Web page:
- The Washington Times - Saturday, March 18, 2006

CAIRO — The slain leader of al Qaeda in Saudi Arabia vowed in his final testament that his group would overthrow the royal family and stage more attacks against the kingdom and Americans in the region, according to a video released yesterday.

The video showed Fahd Faraaj al-Juwair wearing a white head scarf and robes as he read his will in front of a map of Saudi Arabia with the slogan, “Expel the infidels from the Arabian Peninsula.” Elsewhere in the video, he appears smiling, wearing a red T-shirt and what appears to be a belt of explosives.

Addressing the Saudi royal family, al-Juwair said, “If you know what the youth are preparing for you, you would be rushing to escape this peninsula.”

The video was sent to the Associated Press in an e-mail. In it, al-Juwair also warned the Americans: “Get out of Muhammad’s peninsula, get out of all Muslim lands, stop supporting the Jews in Palestine, halt supporting Christians in Muslim lands, or else you’ll have nothing but killing, destruction and explosions.”

Al-Juwair was reported killed by Saudi security forces along with four other leading militants in a Feb. 27 raid in the capital, Riyadh. The raid was launched in the wake of an al Qaeda attack on the Abqaiq oil complex, the largest oil-processing facility in the world.

The e-mail accompanying the video confirmed his death, with the phrase, “May God accept him as a martyr,” and identified al-Juwair as the former head of al Qaeda’s branch in the kingdom and as the supervisor of the attack on Abqaiq.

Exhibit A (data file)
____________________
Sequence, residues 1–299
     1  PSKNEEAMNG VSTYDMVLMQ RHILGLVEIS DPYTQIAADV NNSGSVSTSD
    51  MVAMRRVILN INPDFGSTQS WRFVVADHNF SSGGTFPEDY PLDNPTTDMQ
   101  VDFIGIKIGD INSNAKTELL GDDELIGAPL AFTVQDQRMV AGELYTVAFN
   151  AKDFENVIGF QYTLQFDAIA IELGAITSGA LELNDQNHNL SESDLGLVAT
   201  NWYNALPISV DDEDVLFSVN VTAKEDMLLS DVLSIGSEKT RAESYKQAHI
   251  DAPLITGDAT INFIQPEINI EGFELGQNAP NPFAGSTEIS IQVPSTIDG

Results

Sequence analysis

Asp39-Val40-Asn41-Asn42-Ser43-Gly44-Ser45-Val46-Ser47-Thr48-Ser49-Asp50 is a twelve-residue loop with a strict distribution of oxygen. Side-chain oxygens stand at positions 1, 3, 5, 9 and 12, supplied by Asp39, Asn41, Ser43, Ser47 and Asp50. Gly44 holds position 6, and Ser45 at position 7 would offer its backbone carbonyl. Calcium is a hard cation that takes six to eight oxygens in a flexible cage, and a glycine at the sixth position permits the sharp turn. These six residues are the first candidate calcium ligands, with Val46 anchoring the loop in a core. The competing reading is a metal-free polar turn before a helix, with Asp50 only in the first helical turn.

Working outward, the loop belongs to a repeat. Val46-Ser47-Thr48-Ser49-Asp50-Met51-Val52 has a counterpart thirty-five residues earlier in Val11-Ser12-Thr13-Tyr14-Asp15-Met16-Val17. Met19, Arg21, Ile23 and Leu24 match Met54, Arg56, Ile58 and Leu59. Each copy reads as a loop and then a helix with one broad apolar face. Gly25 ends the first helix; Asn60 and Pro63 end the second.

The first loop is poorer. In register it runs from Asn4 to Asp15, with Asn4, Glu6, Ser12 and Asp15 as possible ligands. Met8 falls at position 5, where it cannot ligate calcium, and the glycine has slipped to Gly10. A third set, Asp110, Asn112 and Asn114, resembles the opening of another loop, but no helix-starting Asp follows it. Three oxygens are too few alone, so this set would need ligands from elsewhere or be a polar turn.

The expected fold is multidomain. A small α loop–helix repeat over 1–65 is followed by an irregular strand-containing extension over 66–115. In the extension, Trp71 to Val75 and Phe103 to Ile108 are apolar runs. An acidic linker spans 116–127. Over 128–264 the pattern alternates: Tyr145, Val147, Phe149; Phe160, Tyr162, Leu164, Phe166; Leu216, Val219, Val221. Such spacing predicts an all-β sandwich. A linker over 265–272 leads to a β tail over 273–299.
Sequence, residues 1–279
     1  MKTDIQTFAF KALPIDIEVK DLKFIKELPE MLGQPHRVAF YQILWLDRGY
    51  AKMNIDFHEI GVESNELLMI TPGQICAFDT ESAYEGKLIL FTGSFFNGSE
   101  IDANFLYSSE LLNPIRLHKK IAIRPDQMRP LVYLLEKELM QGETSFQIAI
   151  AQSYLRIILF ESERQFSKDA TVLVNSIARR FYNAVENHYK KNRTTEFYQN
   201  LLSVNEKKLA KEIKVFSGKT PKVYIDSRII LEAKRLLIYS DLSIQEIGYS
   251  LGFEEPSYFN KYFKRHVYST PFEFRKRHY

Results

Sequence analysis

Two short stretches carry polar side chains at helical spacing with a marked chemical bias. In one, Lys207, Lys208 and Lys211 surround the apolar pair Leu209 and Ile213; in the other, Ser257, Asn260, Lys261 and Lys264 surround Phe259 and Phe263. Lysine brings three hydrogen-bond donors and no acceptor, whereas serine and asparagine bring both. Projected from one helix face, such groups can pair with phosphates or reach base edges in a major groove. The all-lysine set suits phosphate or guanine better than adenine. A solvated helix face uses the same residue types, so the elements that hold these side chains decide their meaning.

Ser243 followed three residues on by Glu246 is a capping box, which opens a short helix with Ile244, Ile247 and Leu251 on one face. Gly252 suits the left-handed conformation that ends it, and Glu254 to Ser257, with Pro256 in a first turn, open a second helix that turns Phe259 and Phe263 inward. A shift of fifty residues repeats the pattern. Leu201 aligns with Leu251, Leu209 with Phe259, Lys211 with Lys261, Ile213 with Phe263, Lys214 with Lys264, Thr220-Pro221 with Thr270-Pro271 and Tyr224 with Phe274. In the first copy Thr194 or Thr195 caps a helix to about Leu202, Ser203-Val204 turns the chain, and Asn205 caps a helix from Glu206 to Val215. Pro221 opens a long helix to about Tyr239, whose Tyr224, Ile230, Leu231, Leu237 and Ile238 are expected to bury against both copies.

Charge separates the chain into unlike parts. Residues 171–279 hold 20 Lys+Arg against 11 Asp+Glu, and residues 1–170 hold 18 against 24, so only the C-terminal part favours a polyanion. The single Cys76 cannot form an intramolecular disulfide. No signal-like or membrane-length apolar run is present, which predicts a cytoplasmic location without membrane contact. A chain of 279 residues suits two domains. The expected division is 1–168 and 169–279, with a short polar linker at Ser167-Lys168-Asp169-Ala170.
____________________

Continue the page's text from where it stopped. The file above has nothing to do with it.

The authenticity of the e-mail, signed by “The Voice of Jihad for Media Production,” could not be independently confirmed.

In the video, al-Juwair addressed Saudi police who have been pursuing militants, urging them to join al Qaeda’s jihad, or holy war.

“What are you going to tell God when you kill a holy fighter in defense of the Americans, or if you are killed while you are defending the despots?” he asked. “Stop working for the oppressors and join the mujahedeen.”

Al Qaeda militants launched a campaign of violence in 2003 in Saudi Arabia, the birthplace of group leader Osama bin Laden. Saudi security forces have carried out a heavy crackdown since, killing or capturing most of the group’s leaders.

The Feb. 24 suicide bombing on Abqaiq was the first attack on Saudi Arabia’s vital oil infrastructure. The kingdom is the world’s largest producer of oil.

Bombers in two explosives-laden vehicles tried to ram through the facility’s gates, but were stopped by guards who opened fire on them, detonating the vehicles.

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